EDI has also elaborated proposals to cope with other basic aspects of Argentina’s economy, such as the situation of privatized firms, the collapse of the private financial sector, the situation in the farming and industrial sectors, the problems of the regional economies, and the need to introduce without delay an investment plan addressed to the decaying basic infrastructure. Our commitment is to study alternatives not only as to what must be done, but also how to do it.

A Contribution to the Popular Movements

The current political context in Argentina is very different from that of early 2002, when we put forward our first document (published in English by Monthly Review, April 2002). The country is neither living through an explosion such as that of the end of 2001 nor the gigantic collapse of all economic activity that marked 2002. Nonetheless, the misery and suffering of the majority of the population remains the same, and for this reason our proposals are timely and relevant.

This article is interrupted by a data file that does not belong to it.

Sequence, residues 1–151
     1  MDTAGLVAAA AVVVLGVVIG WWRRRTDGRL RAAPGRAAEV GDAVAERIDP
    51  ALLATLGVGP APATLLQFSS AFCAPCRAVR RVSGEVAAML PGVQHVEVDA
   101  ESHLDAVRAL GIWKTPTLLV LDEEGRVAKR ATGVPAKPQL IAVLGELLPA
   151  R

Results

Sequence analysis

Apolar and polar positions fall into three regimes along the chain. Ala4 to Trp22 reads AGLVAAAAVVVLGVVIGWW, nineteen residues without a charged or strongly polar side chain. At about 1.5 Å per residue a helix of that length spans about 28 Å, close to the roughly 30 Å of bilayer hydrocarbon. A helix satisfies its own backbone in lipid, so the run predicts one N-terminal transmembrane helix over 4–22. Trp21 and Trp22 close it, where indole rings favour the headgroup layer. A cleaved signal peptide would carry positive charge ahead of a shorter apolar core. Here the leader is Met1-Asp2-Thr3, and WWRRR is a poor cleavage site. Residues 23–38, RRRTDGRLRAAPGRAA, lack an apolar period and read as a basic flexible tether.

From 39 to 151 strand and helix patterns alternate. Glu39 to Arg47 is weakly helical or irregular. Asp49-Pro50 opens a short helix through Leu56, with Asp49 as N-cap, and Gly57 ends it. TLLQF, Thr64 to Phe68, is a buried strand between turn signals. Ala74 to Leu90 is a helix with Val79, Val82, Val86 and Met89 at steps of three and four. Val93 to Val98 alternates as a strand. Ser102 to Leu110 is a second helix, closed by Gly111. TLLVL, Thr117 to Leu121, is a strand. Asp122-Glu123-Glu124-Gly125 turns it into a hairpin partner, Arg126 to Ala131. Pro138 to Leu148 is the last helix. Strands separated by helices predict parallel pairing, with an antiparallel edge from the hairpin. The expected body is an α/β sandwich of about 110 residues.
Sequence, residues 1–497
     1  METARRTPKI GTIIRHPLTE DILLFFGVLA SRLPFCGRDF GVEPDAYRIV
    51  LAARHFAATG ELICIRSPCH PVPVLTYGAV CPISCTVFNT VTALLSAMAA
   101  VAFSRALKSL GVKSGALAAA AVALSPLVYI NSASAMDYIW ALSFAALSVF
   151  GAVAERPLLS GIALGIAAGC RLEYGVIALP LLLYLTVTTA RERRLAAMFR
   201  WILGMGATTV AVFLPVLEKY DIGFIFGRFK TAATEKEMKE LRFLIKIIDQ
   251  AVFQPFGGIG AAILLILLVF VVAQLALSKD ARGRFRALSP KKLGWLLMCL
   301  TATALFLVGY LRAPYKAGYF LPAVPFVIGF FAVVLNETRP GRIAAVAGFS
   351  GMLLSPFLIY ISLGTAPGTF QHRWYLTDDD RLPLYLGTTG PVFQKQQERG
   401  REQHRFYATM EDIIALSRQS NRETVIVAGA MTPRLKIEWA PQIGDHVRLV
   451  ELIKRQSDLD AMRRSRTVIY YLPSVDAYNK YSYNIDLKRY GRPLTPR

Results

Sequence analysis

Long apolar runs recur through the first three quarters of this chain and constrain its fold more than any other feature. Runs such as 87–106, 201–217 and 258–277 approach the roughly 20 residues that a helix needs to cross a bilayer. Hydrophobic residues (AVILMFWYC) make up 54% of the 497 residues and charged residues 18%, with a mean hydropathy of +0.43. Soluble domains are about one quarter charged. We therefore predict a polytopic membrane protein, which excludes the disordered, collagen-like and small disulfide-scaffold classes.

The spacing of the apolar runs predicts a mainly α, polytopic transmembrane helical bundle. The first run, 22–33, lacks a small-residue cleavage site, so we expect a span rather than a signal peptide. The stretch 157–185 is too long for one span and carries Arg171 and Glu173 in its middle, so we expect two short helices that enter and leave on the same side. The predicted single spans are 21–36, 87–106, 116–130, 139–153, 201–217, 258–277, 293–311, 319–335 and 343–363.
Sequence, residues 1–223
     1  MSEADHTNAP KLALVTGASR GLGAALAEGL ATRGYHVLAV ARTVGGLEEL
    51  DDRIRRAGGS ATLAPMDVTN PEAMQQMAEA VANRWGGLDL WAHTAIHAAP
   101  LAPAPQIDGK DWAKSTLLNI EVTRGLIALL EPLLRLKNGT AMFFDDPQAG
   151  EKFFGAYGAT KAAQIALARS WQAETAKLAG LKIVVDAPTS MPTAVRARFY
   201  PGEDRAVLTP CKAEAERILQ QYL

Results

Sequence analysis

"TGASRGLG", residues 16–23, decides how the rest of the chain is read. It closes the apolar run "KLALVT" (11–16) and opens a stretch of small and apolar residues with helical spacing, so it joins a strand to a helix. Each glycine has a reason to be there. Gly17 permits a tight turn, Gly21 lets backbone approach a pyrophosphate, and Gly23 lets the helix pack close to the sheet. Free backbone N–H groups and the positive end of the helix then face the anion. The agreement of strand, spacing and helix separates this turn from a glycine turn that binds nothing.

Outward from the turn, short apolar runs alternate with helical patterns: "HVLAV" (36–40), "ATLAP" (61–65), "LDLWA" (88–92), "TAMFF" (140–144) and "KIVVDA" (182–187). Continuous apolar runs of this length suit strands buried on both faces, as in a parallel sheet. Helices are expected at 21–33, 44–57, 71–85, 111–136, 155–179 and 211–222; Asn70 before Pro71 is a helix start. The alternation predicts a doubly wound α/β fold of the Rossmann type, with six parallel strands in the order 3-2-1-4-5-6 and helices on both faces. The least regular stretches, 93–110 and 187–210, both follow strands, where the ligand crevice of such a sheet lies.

The members of EDI have set out to analyze the distinct pattern of each phase of the process that has Argentina in its grip, observing cyclical behavior, the evolution of the productive system, and trade and financial trends.